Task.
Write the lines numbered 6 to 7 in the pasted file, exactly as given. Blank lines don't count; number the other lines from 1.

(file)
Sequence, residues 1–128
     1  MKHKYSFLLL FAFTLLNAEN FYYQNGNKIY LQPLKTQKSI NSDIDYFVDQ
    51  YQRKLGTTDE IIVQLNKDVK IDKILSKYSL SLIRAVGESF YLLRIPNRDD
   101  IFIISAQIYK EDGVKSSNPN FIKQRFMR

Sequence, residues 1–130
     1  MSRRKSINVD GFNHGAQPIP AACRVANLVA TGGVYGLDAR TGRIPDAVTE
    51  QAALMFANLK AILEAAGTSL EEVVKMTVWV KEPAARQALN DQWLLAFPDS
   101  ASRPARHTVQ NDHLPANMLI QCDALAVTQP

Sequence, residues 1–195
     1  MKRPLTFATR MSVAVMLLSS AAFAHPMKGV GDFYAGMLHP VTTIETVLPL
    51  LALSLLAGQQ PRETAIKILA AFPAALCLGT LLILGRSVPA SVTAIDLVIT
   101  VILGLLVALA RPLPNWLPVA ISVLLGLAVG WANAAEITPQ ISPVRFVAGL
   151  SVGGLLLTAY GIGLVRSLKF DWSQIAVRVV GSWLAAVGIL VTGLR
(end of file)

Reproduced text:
     1  MSRRKSINVD GFNHGAQPIP AACRVANLVA TGGVYGLDAR TGRIPDAVTE
    51  QAALMFANLK AILEAAGTSL EEVVKMTVWV KEPAARQALN DQWLLAFPDS